Aug 17, 2011

Godzilla vs The Essential

I've known Godzilla a long time. I was practically raised on Godzilla movies playing on Creature Features every Saturday morning as a child. I own every Godzilla movie ever made on DVD or VHS and in some cases both. As I type I am within spitting distance of three different Godzilla figures. I've read Marvel comics all my life. So why the hell have I never read Marvel's Godzilla: King of the Monsters? I have no idea either. Let's start reading.

With a purposeful grimace and a terrible sound.

Twenty-four issues of giant city stomping lizard action; written by Doug Moench for all of it, drawn by Herb Trimpe for most of it, colored by I don't care because the Essential is only in black and white. The Essential cover, a reprint of the first issue cover, tells you everything you need to know about this comic. A city smashing, plane crushing, bridge thrashing fire spewing good time is ahead. However Godzilla's hip seems to be only a few stories high, the plane fits easily in his hand, and a huge bridge is like a corndog on a stick for big G. So right off the bat this comic doesn't give a crap about scale.

Inside the story cuts to the chase by having Godzilla--

Up from the depths, thirty stories high.

Coming. Yes coming. Coming up out of the ocean to attack Alaska after waking up in an iceberg. Godzilla just wanders about ripping up pipe lines and killing people off panel for most of the first issue. S.H.I.E.L.D. shows up to start shooting the overly large lizard. What does this accomplish? It introduces Dum Dum Dugan but mostly just makes Godzilla mad.

Godzilla: Dragon of Science!

Then Jimmy Woo calls Godzilla a Dragon of Science and that is awesome. Oh yeah I forgot to mention Jimmy Woo secret agent and head of the Atlas Foundation is in this comic. Dum Dum is a dick for not letting Jimmy bring his robot or talking gorilla along.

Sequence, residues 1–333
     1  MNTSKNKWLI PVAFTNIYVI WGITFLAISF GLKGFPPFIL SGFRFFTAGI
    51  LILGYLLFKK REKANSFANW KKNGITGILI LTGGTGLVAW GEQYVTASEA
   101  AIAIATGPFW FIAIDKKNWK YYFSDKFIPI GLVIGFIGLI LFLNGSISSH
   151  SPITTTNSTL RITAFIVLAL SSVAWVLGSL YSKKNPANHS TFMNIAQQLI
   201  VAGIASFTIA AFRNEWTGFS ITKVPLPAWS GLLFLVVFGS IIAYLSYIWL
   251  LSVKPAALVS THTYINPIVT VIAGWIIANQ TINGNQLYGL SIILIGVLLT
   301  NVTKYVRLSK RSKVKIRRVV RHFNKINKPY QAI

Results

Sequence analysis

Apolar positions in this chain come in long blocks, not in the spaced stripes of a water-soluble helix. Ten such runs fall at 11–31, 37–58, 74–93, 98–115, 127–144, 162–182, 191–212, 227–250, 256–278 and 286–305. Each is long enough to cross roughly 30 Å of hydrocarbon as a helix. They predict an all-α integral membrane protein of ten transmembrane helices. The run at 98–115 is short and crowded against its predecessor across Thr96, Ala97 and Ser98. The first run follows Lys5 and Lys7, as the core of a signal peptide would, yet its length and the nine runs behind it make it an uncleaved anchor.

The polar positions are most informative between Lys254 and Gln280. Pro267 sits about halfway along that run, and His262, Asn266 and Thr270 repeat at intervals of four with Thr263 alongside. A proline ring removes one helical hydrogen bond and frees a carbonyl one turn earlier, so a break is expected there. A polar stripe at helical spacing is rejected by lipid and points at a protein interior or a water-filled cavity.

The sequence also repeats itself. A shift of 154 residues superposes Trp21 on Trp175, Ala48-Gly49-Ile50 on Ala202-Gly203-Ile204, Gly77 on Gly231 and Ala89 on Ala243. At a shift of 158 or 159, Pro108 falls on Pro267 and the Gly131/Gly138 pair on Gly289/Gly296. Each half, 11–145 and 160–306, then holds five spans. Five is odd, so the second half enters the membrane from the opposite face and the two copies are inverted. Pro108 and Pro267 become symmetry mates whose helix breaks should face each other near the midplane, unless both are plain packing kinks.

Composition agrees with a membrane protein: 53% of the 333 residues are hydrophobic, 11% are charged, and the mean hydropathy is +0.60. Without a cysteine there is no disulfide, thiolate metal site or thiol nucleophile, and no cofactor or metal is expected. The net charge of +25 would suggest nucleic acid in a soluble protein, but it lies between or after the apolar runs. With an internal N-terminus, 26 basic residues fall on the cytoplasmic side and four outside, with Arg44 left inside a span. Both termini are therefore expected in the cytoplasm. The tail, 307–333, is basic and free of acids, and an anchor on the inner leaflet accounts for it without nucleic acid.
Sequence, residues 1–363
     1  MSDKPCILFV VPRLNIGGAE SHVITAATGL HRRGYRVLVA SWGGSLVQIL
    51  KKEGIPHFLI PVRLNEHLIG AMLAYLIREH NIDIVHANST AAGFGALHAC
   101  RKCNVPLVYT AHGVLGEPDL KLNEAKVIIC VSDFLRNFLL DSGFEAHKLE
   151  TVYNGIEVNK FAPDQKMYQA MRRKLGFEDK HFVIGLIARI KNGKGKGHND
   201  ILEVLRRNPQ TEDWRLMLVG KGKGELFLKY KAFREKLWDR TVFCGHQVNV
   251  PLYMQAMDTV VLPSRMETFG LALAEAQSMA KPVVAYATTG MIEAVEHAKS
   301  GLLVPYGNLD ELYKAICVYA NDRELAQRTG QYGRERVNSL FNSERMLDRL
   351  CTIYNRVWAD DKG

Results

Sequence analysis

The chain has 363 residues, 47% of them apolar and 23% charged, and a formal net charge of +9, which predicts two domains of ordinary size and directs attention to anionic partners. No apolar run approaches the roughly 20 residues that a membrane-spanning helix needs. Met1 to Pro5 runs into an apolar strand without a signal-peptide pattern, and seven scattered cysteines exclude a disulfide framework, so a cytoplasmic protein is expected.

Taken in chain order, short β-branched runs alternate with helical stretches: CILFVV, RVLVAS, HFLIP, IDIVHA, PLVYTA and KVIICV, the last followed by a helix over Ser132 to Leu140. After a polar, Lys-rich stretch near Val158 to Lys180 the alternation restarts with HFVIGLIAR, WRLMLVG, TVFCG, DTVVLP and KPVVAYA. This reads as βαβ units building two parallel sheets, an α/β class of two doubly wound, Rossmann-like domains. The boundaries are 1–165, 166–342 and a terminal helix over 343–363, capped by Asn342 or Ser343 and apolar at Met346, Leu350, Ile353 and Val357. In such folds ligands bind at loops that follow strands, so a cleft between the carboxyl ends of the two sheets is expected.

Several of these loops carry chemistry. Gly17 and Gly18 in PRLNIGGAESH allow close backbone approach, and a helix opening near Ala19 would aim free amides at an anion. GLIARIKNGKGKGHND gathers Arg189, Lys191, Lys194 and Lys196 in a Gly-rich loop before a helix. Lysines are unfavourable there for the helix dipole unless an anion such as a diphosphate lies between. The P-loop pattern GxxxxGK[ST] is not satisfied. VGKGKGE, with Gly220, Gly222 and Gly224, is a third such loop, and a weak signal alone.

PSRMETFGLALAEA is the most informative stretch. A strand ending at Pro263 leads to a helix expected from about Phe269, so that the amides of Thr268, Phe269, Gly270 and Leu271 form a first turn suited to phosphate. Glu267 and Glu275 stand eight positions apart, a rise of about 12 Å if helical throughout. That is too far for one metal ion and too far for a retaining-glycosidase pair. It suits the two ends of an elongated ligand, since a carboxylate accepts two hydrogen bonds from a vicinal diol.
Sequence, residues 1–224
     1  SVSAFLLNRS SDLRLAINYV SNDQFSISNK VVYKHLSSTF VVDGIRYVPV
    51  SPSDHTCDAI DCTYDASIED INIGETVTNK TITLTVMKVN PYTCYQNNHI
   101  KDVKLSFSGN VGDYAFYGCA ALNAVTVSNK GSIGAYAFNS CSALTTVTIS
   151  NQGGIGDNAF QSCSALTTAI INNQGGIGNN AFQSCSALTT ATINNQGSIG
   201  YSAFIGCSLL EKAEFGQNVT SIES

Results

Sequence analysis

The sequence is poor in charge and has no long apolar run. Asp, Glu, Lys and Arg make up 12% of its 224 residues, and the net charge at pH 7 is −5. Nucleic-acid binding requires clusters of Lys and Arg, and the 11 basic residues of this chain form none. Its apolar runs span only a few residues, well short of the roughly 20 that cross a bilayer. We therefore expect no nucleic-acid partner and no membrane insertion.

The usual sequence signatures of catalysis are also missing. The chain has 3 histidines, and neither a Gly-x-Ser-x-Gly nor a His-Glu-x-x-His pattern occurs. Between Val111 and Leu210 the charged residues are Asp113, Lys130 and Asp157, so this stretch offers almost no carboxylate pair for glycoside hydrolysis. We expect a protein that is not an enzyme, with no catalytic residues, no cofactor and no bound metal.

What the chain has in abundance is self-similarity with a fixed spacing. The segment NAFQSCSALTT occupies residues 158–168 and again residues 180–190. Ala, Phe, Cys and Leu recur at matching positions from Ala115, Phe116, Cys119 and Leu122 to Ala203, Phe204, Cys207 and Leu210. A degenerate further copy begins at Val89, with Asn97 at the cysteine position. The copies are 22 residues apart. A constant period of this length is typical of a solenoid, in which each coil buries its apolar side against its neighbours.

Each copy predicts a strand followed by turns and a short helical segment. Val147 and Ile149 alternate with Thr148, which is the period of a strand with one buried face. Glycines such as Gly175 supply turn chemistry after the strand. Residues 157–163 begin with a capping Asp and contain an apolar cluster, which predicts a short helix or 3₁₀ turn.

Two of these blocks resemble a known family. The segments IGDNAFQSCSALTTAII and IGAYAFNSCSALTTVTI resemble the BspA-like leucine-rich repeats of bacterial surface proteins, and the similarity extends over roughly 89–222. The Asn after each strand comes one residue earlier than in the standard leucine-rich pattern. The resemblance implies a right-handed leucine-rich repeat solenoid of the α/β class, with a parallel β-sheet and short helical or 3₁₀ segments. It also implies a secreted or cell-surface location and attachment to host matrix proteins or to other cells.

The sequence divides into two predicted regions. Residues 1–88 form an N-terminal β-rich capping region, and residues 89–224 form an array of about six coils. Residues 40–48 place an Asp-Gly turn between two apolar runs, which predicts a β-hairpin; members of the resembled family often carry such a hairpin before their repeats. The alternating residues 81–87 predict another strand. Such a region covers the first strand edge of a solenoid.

Not much happens in issue two. Some back story of Godzilla attacking Japan that is vague enough to imply the movies took place but doesn't specify any details or other monster names. Godzilla shows up in Seattle to show he is as tall as the Space Needle. 184 meters tall. From the first Godzilla movie until Terror of MechaGodzilla in 1975 Godzilla is only between 50 and 60 meters tall. Guess Godzilla took some steroids before showing up in America.

In issue three Godzilla finally fights someone. Who could this mighty foe be that it took 40 pages of build up before they meet? Well there's only one fair opponent for Godzilla to fight and that's another god: Hercules.

Stupid alarm. We were two panels away from a sex scene.

Hercules and the  Champions of Los Angeles to be more specific. I'd never heard of them before this issue; apparently the most fun god in the Marvel Universe, Iceman, somebody's Widow, and the worst X-Man ever, Angel, formed a super hero team. They fly to fight big G in their Champscraft. One of your team has wings why doesn't he just fly himself over to--

When Angel died, no angels cried.

Oh right Angel is useless. Hercules has to save his stupid winged butt from being squashed under the toes of supersaurus. But can he? Is even a god strong enough to stop 30,000 tons of massive megalosaur muscle bearing down on him?

Largest crotch shot anyone has ever seen.

Hell yeah. He's the Prince of Power. Of course this also makes Godzilla madder. In the ensuing city crushing chaos the Champions get in a jurisdictional pissing match with Dum Dum. And Hercules accidentally downs the S.H.I.E.L.D. Helicarrier by throwing a bridge at it. Oops. It's not his fault, Godzilla has really good reflexes for someone as tall as the Golden Gate Bridge.

Fifty four pages into this collection and Godzilla hasn't fought a single monster yet. He will get around to kicking some colossal kaiju keester.

When will then be now!?

Next time Dum Dum. Godzilla throws down with a gigantic foe next time.


  1. I love Herbe Trimpe's art in this. Whatever you might say about the changing size scales, Trimpe makes Godzilla feel BIG. He's huge, powerful and dangerous. And it's pretty awesome.

    --Andrew S.

  2. Trimpe draws Godzilla a little too much like the the one from the cartoon for my tastes. But yes, he instills a sense of titanic mass into Godzilla on the page.